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Wozniak: Necessity should drive innovation, not money

29 Jun 2015  | R. Colin Johnson

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The creator of the first Apple personal computer, the Apple I, shared his insights on the past, present and future of innovation during his keynote at the recent Freescale Technology Forum 2015. According to Steve Wozniak, innovators today have the wrong motivation, to make money, whereas in his day, innovation was something he did because there were no affordable electronics to use at home for fun.

"I was working with calculators at Hewlett Packard, using RPN [reverse-Polish-notation], which meant you had to be smart already to be able to use them," Wozniak stated.

Computers in those days were either mainframes or programmed in binary with switches on the front of them. And the storage drives for input/output (I/O) data cost as much as two cars, according to Woz. So he set out to design his own I/O that used inexpensive audio cassette tapes encoded with tone from a modem and eventually floppy disks.

Steve Wozniak

Steve Wozniak single-handedly invented the Apple-I and Apple-II personal computers, starting a revolution in PCs that still resonates today. (Source: EE Times)

After meeting Steve Jobs, who was working at Atari for Nolan Bushnell, Jobs enlisted Wozniak to help him design the circuit board for the game Breakout. For the board Job's said he was paid $700, which Woz and Job's split 50/50, $350 each. Wozniak reduced the number of chips in the Atari game by 50, using random access memory (RAM), for which Bushnell paid Jobs a bonus of $5000 the knowledge of which was withheld from Woz. But Woz holds no grudges, in fact he begged Jobs to share the wealth with key early employees after Apple took off. And when Job's refused, Woz claimed to have distributed $20 million of his own money among those employees who were key to Apple's early success.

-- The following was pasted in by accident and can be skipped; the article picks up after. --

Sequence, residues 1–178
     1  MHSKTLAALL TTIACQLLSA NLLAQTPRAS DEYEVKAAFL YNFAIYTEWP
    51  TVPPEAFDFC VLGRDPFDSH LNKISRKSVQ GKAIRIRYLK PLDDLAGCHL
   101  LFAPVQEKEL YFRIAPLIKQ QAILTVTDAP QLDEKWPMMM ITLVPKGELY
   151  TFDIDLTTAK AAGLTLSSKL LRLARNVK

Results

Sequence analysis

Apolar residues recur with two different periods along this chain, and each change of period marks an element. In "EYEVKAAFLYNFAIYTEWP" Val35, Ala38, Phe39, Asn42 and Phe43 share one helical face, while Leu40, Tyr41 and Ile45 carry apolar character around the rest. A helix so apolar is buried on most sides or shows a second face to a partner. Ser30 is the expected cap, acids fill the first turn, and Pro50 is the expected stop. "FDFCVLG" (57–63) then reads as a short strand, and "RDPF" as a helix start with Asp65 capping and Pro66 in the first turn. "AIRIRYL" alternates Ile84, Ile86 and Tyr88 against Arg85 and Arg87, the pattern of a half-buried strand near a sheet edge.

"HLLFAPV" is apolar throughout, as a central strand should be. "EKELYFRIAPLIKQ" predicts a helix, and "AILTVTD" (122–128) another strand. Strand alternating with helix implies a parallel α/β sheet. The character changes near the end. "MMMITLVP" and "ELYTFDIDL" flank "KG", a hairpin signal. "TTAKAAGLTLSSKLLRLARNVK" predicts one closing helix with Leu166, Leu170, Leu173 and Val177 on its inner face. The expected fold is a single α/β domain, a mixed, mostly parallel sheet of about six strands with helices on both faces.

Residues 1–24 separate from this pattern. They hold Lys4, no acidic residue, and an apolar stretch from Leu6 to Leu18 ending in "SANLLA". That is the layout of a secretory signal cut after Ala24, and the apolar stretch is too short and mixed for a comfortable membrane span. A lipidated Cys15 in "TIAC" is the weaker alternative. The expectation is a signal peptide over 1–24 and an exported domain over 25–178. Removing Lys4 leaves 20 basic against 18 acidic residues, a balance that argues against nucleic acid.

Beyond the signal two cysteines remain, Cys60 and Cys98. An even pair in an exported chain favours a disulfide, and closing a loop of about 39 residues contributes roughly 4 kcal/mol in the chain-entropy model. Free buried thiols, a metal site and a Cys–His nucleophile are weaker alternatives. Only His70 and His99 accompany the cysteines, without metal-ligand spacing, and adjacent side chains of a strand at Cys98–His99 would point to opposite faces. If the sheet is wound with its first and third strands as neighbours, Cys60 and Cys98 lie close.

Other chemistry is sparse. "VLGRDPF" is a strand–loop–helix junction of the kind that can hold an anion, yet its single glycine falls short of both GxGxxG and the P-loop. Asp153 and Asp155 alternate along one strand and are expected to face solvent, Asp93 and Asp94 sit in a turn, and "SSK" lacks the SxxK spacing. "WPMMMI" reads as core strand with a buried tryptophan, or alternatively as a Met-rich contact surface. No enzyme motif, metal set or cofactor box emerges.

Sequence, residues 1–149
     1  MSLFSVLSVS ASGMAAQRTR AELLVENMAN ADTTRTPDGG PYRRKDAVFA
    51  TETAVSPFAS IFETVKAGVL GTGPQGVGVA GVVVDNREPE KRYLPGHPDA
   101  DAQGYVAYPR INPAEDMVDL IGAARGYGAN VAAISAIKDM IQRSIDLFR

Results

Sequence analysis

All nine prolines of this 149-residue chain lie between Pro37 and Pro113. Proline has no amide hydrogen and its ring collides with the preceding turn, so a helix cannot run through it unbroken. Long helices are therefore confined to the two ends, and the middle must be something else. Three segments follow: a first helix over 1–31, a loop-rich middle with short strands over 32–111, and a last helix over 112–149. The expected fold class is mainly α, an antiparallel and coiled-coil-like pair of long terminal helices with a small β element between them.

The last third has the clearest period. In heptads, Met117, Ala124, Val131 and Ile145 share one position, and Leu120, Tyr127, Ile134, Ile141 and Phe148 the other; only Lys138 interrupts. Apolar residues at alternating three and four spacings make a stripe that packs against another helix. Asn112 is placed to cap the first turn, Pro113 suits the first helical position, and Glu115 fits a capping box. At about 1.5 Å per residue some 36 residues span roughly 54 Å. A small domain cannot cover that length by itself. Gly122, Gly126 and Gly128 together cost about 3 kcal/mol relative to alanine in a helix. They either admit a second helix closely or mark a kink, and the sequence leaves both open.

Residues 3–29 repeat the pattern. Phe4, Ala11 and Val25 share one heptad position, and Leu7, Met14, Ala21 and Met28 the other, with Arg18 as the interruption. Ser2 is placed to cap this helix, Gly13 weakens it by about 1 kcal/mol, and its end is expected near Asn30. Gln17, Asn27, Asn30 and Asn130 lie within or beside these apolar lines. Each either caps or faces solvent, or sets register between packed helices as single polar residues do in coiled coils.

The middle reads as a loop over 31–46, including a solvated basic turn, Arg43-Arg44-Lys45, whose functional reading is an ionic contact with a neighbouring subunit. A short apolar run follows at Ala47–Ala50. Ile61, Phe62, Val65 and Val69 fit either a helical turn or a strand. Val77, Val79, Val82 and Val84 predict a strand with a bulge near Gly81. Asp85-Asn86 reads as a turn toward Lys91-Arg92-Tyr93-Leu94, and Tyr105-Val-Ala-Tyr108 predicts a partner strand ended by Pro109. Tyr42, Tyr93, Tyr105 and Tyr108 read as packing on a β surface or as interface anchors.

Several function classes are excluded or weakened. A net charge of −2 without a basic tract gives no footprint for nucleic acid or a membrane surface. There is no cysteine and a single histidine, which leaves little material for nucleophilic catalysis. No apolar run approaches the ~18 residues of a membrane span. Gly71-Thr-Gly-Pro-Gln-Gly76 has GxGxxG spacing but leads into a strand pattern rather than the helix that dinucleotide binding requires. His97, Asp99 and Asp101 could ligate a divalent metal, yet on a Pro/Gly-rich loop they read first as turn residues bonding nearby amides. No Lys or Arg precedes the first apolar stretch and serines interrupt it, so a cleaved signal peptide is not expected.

The experience at helping Jobs at Atari also paid off technologically, since it gave Woz the idea of using an inexpensive TV for output and RAM for programme storage and scratch-pad memory. The other big problem Woz had was programing in binary, so he invented his own form of Basic that could run in 4KB of memory with no operating system.

"I was the first one to write Basic, because I needed a language," said Woz. "But colour was the best thing I thought of for Apple. Everybody was using black-and-white in those days, but after my break with Atari, after four days with no sleep I thought of a way to use square waves instead of sine waves to drive the TV, which gave me the ability to make colour in that way. If I hadn't been so tired, I never would have thought of that."

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